75. Λ William Ellis, 1858, Three visits to Madagascar during the years 1853-1854-1856: including a journey to the capital: with notices of the natural history of the country and of the present civilization of the people, (London: John Murray) [The illustrations in the book are based upon his photographs. 
      
  76. Λ Simon Peers, 1995, William Ellis: Photography in Madagascar 1853-1865 / Ny Fakan-Tsary Teto Madagasikara 1853-1865, (The British Council); Simon Peers, 1997, Spring, ‘William Ellis: Photography in Madagascar, 1853-65‘, History of Photography, vol. 21, pp. 23-31 
      
  77. Λ Désiré Charnay, 1864, Madagascar à vol d'oiseau, (Paris: Le Tour du monde) [Extrait de: Le Tour du monde
      
  78. Λ Egypt, 1882 - The National Archives, UK
    (Accessed: 11 November 2013)
    www.nationalarchives.gov.uk/battles/egypt/ 
      
  79. Λ The popular children's author G.A. Henty later wrote a novel on the theme - George Alfred Henty, 1891, A Chapter of Adventures; Or, Through the Bombardment of Alexandria, (London) 
      
  80. Λ Felice Beato, 1884-1885, [Khartoum Relief Expedition], National Archives (UK), Catalogue Reference: COPY 1/373/ 
      
  81. Λ Felice Beato is one of the most interesting photographers of the nineteenth century photographing the Indian Mutiny, the Second Opium War, Japan and Burma - Anne Lacoste, 2010, Felice Beato: A Photographer on the Eastern Road, (Los Angeles: J. Paul Getty Museum); John Clark, John Fraser & Colin Osman, 1989, A Chronology of Felix (Felice) Beato, (Privately printed by the authors) 
      
  82. Λ Winston Churchill, 1899, The River War: An Historical Account of the Reconquest of the Soudan, (Longmans, Green and Co.), [Two volumes, there was an abridged one volume edition in 1902.] 
      
  83. Λ The film Khartoum (1966) starring Charlton Heston as General Gordon is a fictionalised account of the events. The film has a photography connection as one of the directors for the introductory scenes was Eliot Elisofon (1911-1973) who was both a photographer and a specialist in African art. 
      
  84. Λ 8 March 1890, "General Gordon and Emin Pasha", Littell's Living Age, [Fifth Series, vol. 69], vol. 184, no. 2384, p. 639 [Original source: The London Times.]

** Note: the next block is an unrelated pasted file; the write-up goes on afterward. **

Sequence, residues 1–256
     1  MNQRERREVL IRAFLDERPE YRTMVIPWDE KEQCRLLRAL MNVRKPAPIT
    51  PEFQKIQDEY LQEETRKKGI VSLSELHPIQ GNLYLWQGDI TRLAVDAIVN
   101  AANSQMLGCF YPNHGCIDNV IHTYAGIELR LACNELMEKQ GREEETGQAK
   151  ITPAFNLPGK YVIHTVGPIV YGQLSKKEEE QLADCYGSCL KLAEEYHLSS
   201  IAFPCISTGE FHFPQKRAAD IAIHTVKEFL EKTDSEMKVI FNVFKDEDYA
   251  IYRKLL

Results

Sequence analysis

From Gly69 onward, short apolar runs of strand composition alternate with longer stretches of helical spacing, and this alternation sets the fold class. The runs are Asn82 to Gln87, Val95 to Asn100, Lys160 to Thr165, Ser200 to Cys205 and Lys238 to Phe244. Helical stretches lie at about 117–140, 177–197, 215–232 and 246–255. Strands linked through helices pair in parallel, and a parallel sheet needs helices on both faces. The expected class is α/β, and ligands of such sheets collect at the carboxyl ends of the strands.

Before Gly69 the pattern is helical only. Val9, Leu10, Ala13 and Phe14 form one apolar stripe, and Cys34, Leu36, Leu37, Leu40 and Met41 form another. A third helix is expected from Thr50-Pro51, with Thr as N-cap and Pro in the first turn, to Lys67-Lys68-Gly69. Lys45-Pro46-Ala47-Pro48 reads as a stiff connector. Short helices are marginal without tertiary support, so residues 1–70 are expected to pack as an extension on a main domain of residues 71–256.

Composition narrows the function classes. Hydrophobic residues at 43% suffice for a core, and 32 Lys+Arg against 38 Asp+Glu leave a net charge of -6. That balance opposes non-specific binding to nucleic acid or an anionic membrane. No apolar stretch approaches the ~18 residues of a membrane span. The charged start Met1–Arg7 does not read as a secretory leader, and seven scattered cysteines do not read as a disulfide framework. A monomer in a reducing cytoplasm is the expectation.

85. Λ Anthony Sampson wrote books based upon his experience in Africa - The Treason Cage: The Opposition On Trial In South Africa (1958) Commonsense About Africa (1960) and South Africa: Two Views Of Separate Development (1960), Black Gold ( (1987), a biography of Nelson Mandela - Mandela: The Authorised Biography (1999) and Drum : The Making of a Magazine (2005). 
      
  86. Λ Ernest Cole, 1967, House of Bondage: A South African Black Man Exposes in His Own Pictures and Words the Bitter Life of His Homeland Today, (Random House) 
      
  87. Λ Anthony Sampson, 1956, Drum: a venture into the new Africa, (London: Collins) republished with a new forword and afterword as Anthony Sampson, 2005, Drum: The Making of a Magazine, (Johannesburg: Jonathan Ball) includes photographs by photographs by Jürgen Schadeberg and Bob Gosani. 
      
  88. Λ Drum 1976-1980 - Exhibition, National Festival of the Arts in Grahamstown, South Africa
    (Accessed: 6 October 2013)
    www.coldtype.net/Assets.06/Essays.06/0606.DrumBook.pdf 
      
  89. Λ A. Magnin (ed.), 1997, Seydou Keïta, (New York: Scalo Publishers); Michelle Lamunière, 2001, You Look Beautiful Like That: The Portrait Photographs of Seydou Keïta and Malick Sidibé, (Cambridge: Harvard University Art Museums) 
      
  90. Λ Is there any evidence of who owned the props used in the photographs of Seydou Keita? alan@luminous-lint.com 
      

alan@luminous-lint.com

 
  

HomeContents > Further research

 
  
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General reading 
  
1999, Anthology of African and Indian Ocean Photography, (Editions Revue Noire) isbn-10: 2909571491 isbn-13: 978-2909571492 [Δ
  
Behrend, Heike, 2000, ‘Feeling Global: The Likoni Ferry Photographers in Mombasa, Kenya‘, African Arts, vol. 33, no. 3, pp. 70-76, 96 [Δ
  
Behrend, Heike, 2003, ‘Photo Magic: Photographs in Practices of Healing and Harming in East Africa‘, Journal of Religion in Africa, vol. 33, no. 2, pp. 129-145 [Δ
  
Bensusan, A.D., 1966, Silver Images. History of Photography in Africa, (Cape Town: Howard Timmins) [Δ
  
Butler, Shelley, 2007, Contested Representations: Revisiting ‘Into the Heart of Africa’, (University of Toronto Press) isbn-10: 1551117770 isbn-13: 978-1551117775 [Δ
  
Campt, Tina M., 2012, Image Matters: Archive, Photography, and the African Diaspora in Europe, (Duke University Press Books) isbn-10: 0822350564 isbn-13: 978-0822350569 [Δ
  
Comaroff, John L. ; Comaroff, Jean & James, Deborah, 2007, Picturing a Colonial Past: The African Photographs of Isaac Schapera, (University of Chicago Press) isbn-10: 0226114120 isbn-13: 978-0226114125 [Δ
  
David, Philippe, 1999, ‘Photographer-publishers in Togo‘, in 1999, Anthology of African and Indian Ocean Photography, (Editions Revue Noire), pp. 43-47 [Δ
  
Dennis, Kelly, 1994, ‘Ethnopornography: Veiling the Dark Continent‘, History of Photography, vol. 18, no. 1, pp. 22-28 [Δ
  
Diserens, Corinne, 2011, Appropriated Landscapes: Contemporary African Photography from the Walther Collection, (Göttingen: Steidl) isbn-13: 978-3869303871 [Δ
  
Enwezor, Okwui, 2001, The Short Century: Independence and Liberation Movements in Africa 1945-1994, (Prestel) isbn-10: 3791325027 isbn-13: 978-3791325026 [Δ
  
Enwezor, Okwui, 2008, Snap Judgments: New Positions in Contemporary African Photography, (Steidl) isbn-10: 3865212247 isbn-13: 978-3865212245 [Δ
  
Enwezor, Okwui, 2010, Events of the Self: Portraiture and Social Identity: Contemporary African Photography from the Walther Collection, (Göttingen: Steidl) isbn-13: 978-3869301570 [Δ